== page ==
There is still a lot more to do. I’ll keep working on it. And, while I do, I’ll be paying close attention to all of the signs along the way and acting accordingly. All in all, I think we are moving in the right direction, and I am grateful for that and my role in helping that to happen.

And that smoldering discontent? It has been replaced with a deep joy knowing that God is using me exactly how he made me – as an entrepreneur and a businessman. I am changing the way I see my business and my ability to impact it for Jesus and be the salt and light that I am supposed to be in this world.

What about you?

How has God wired you, and how are you investing your gifts in building the Kingdom?

Be encouraged: His calling on your life may be more familiar than you expect!

 

Griff Jones is a Halftime Fellows Alum and entrepreneur. Griff co-founded Twin Eagle Resource Management, LLC, and serves as its President and CEO. Twin Eagle currently has over 400 employees and is a leading energy marketing and infrastructure company. Griff is a graduate of Oklahoma State University, where he now has the honor of serving as Entrepreneur in Residence and on the OSU Foundation Board of Trustees. Griff is very active in charitable organizations and is a member of Young Presidents’ Organization (YPO). Griff and his lovely wife, Mindi,  have 2 children, who both attend OSU.

 


For more information on The Fellows Program click here.

Or to explore other Halftime Institute Programs, click here.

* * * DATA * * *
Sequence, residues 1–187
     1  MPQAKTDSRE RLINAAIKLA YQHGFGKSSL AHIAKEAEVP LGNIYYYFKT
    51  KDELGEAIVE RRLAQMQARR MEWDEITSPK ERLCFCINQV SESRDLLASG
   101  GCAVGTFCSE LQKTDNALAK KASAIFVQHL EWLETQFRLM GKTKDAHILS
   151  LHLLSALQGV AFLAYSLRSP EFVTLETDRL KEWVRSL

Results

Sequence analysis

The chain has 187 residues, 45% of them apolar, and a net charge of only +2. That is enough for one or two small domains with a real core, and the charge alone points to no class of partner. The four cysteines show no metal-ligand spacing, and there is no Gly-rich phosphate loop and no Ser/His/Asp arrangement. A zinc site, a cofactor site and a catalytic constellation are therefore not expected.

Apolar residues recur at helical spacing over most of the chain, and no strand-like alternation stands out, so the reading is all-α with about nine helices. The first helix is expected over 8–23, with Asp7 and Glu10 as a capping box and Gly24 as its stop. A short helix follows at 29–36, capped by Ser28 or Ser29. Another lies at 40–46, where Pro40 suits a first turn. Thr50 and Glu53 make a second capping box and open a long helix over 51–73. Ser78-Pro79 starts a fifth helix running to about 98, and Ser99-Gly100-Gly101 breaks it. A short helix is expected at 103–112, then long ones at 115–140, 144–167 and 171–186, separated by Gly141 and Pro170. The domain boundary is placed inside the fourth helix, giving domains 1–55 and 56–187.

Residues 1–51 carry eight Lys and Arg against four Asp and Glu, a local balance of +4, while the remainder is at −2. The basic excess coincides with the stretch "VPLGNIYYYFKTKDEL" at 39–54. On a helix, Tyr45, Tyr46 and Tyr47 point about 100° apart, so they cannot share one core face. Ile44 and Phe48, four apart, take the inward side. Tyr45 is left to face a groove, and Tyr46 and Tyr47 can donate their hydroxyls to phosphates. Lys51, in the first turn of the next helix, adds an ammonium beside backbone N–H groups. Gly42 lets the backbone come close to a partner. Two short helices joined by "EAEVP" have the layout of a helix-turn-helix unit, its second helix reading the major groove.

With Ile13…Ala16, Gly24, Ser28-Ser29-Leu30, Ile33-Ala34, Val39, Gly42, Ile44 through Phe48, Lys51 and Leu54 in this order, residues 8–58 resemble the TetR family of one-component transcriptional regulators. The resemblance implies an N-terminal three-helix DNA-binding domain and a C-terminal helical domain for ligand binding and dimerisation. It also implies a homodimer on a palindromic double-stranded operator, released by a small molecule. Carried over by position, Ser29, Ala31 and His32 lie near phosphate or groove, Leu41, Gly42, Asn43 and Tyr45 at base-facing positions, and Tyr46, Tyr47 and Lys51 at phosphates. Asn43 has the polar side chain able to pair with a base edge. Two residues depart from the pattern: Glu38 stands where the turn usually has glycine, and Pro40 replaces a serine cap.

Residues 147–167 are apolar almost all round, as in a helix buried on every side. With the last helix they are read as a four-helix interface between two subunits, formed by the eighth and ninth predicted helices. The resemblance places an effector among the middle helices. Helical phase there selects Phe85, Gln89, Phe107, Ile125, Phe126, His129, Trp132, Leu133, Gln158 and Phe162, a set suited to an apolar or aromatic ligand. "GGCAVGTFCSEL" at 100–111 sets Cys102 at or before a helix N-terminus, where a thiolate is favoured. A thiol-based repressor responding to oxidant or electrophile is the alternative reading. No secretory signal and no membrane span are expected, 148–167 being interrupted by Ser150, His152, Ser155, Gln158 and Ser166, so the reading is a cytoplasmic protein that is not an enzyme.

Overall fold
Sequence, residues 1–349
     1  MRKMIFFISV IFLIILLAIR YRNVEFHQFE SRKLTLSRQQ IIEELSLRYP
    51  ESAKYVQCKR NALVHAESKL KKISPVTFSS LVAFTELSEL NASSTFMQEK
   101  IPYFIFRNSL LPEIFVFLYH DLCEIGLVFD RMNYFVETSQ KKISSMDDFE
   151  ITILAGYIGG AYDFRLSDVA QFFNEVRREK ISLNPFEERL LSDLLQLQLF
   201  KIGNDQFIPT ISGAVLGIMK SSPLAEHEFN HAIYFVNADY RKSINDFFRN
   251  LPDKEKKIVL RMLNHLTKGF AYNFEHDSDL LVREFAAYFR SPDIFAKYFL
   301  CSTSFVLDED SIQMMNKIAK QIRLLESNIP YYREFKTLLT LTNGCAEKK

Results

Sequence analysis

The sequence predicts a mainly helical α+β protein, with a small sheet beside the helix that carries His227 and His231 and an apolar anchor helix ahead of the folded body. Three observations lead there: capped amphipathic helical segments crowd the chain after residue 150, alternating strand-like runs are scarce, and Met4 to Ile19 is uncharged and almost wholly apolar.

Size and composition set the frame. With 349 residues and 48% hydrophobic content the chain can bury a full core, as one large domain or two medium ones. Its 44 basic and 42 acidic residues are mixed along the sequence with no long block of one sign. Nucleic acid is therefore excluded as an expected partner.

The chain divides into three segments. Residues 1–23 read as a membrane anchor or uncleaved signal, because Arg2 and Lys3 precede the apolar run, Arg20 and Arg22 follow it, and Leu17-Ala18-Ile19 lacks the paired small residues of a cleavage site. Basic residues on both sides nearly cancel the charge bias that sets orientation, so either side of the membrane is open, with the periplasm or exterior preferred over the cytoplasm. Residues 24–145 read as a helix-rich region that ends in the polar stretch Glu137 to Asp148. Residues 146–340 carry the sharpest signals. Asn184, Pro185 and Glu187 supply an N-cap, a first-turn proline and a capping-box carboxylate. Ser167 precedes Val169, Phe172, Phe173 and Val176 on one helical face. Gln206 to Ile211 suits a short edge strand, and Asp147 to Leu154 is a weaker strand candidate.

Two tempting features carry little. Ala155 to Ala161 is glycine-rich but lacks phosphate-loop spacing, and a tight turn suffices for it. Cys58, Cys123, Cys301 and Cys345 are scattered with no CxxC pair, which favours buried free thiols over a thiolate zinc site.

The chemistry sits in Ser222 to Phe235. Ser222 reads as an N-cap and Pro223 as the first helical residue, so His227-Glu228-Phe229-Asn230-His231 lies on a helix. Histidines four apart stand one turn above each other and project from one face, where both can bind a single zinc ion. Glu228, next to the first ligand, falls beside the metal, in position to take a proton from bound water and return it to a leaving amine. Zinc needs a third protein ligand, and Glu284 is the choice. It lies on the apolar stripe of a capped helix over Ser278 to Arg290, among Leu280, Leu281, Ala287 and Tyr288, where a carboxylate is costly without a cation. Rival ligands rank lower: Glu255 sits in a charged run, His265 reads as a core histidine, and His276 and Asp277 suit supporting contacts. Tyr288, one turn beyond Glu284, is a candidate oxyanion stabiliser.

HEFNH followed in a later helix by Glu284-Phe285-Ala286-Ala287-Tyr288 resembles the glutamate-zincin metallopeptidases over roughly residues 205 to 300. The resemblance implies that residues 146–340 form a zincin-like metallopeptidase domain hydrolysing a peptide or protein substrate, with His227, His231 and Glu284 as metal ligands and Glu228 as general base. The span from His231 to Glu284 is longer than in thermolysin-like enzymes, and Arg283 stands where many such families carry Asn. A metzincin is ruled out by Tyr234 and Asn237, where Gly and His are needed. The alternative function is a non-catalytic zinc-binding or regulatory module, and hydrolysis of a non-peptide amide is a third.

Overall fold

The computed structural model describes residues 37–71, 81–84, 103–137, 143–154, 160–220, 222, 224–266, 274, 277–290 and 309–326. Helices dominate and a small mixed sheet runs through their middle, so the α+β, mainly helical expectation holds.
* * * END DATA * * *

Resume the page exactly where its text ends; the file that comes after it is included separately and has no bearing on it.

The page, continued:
Dominique Glanville
When Dominique discovered Halftime Institute, she knew her diverse experiences in executive coaching, pastoral ministry, consulting, marketing, event planning, and fundraising had uniquely prepared her for the role of Marketing & Events Manager.

Dominique joined Halftime Institute in 2016 after working for The Pursuant Group, where she served consulted large nonprofit organizations and ministries on fundraising and marketing. Dominique has also served as Director of Development for an international nonprofit helping women through microfinance, and as an Executive Coach for InsideTrack, Inc.

Dominique is a native Texan, but she has spent most of her adult life on the West Coast and internationally. Dominique studied Communication Studies and French in her undergraduate years at Westmont College in Santa Barbara, California. She spent several brief seasons working with church planters in France, The Netherlands, and Portugal. Her passion for ministry led her to Portland, OR, where she earned her Masters in Conflict Resolution at Portland State University.

Dominique and her husband, Dan, and their two sons, worship at Upper Room church in downtown Dallas. They love to travel internationally, explore the outdoors, and spend quality time with family and friends. They live in historic East Dallas, where they are involved in neighborhood outreach ministry.
2018-11-20T15:45:34+00:00